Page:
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Policy cannot disrupt food production

South Africa is ranked as the most food secure country on the continent, and is 44th out of 133 countries worldwide, according to the Economist Intelligence Unit’s 2017 Global Food Security Index.

The index evaluates the most critical aspects of food security, namely affordability and availability, as well as quality and safety.

South Africa’s relatively high rating has been made possible by robust agricultural output over the years, making it one of a few net exporters of agricultural products.

This is a remarkable achievement because South Africa is relatively resource poor compared with many other African countries.

But what differentiates it from the other countries is the high level of investment in the sector, which is largely because of transparent markets, strong institutions and robust property rights, which can be enforced by the courts.

This brings us to our key point — expropriation without compensation. If this was to happen, it would threaten investors’ confidence in South Africa’s property rights framework and have negative implications for agricultural investment.

The agricultural sector needs investors who will develop resources to grow production. If a policy of expropriation without compensation is adopted, investors will fear that they will probably not be able to recover the value of their investments.

In turn, this will affect agricultural production and, subsequently, the availability and affordability of food in the country. This is undesirable because South Africa is already food insecure at household level. Statistics South Africa estimates that currently 13.8-million South Africans live under the food poverty line.

A clear implication of lower agricultural production was witnessed in the 2015-2016 drought, when food price inflation — the pace at which prices increase — averaged 10.5% in 2016. This was the result of South Africa becoming a net importer of staple grains such as maize, soybeans and peanuts.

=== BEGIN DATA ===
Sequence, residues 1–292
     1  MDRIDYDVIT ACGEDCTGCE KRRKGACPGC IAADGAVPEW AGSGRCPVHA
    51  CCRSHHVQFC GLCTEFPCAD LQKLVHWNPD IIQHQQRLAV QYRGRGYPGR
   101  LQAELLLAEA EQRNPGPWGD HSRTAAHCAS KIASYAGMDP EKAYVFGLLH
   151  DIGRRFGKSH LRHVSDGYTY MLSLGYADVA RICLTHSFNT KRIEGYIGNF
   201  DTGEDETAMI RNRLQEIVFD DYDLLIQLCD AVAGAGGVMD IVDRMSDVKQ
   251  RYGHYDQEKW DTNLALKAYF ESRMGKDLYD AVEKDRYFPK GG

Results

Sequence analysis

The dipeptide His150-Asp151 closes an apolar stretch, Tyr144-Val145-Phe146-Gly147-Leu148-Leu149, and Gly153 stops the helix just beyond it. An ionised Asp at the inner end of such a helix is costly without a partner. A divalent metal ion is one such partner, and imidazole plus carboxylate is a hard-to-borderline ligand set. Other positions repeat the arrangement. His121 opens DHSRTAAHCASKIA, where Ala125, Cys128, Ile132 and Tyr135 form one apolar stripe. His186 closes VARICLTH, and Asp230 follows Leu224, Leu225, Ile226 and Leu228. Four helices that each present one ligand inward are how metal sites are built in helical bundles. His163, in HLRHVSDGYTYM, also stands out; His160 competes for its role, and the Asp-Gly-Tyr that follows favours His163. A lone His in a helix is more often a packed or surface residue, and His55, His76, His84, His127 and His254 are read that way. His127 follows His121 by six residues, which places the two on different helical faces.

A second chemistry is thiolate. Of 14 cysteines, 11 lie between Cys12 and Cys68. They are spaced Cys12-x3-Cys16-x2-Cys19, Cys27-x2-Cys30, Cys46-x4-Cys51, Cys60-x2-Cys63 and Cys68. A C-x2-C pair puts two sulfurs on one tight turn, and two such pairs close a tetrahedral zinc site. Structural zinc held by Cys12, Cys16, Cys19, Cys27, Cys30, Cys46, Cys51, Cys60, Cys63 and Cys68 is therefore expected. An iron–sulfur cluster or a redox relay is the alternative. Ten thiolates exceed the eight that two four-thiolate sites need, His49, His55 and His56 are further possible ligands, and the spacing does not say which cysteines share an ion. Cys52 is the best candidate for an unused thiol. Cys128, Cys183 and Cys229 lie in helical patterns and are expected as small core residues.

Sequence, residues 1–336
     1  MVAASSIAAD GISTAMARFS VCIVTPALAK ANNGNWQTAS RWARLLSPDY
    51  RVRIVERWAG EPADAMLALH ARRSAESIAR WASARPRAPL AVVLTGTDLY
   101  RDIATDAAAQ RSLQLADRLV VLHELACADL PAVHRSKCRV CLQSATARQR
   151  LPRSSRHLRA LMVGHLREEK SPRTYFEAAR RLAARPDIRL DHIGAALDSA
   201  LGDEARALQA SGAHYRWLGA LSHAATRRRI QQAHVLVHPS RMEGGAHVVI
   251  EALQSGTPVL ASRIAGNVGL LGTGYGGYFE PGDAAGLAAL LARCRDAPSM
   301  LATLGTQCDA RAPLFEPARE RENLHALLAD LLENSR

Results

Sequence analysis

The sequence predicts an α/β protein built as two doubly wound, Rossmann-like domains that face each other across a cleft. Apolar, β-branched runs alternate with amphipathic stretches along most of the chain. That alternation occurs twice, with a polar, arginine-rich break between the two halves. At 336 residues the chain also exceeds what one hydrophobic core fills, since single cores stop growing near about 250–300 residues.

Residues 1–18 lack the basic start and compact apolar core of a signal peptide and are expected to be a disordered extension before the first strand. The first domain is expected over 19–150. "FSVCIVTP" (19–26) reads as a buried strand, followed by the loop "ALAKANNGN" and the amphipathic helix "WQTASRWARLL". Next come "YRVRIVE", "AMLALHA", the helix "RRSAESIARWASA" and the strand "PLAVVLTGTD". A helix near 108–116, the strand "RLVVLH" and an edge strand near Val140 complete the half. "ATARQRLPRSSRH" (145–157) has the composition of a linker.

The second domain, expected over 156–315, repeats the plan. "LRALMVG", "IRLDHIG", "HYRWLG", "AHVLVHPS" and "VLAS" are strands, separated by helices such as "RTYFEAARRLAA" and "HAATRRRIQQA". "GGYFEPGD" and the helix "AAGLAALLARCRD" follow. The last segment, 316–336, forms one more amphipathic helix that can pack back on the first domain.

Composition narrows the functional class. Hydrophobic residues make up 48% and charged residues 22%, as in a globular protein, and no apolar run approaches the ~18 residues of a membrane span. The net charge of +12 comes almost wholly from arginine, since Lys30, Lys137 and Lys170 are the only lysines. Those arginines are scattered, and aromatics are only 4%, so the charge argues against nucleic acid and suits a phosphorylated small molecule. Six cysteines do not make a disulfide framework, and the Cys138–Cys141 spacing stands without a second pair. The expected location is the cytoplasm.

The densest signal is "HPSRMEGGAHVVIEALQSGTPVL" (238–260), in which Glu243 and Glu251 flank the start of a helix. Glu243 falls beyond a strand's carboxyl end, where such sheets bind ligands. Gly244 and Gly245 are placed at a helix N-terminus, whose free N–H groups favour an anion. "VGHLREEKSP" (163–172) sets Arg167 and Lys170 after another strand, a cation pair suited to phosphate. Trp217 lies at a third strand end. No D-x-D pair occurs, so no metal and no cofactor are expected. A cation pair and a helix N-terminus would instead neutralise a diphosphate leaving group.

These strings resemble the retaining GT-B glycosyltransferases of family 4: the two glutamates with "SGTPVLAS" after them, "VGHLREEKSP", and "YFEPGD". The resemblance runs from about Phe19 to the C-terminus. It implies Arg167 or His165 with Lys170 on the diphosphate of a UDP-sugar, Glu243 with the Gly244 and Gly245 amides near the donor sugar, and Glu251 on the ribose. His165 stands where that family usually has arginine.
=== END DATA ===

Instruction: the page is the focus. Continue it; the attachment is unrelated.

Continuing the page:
This meant the country was buying these products at an import parity price, which is determined by the world market, the cost to transport the product to the market and the exchange rate. This is definitely not ideal, particularly for staple foods.

In addition, the results of this were largely felt by the indigent, who spend a far greater share of their monthly income on food.Although food inflation peaked at 12.7% at the height of the drought, it would be far more severe if there is a policy of expropriation without compensation.

Above all, we must ensure that land reform happens but in a sustainable way so that agricultural production and food supply remain vibrant in the coming years to prevent basic nutrition from becoming unaffordable.

Currently, StatsSA estimates that 13.8-million South Africans, or one in every four, live under the food poverty line, which means they cannot afford their basic food demands and are food insecure. If the price of food increases because of uncertainty regarding expropriation without compensation and the associated disinvestment in the sector, the situation will become worse. Therefore, it is vital that we find solutions to accelerate land reform without causing large-scale uncertainty in the agrifood system.

On the one hand, we need to find more land for redistribution and, on the other hand, we need to secure property rights to maintain investor confidence in our agrifood sector. But these needs do not have to be conflicting.

Instead of lowering the cost of acquiring land, more funds could be made available for land reform by raising private sector capital through public-private partnership models. This would be the best way to accelerate land reform without raising the price of basic food items.

By Wandile Sihlobo and Theo Boshoff

Wandile Sihlobo is head of agribusiness research at Agbiz. Theo Boshoff is the manager of legal intelligence for Agbiz.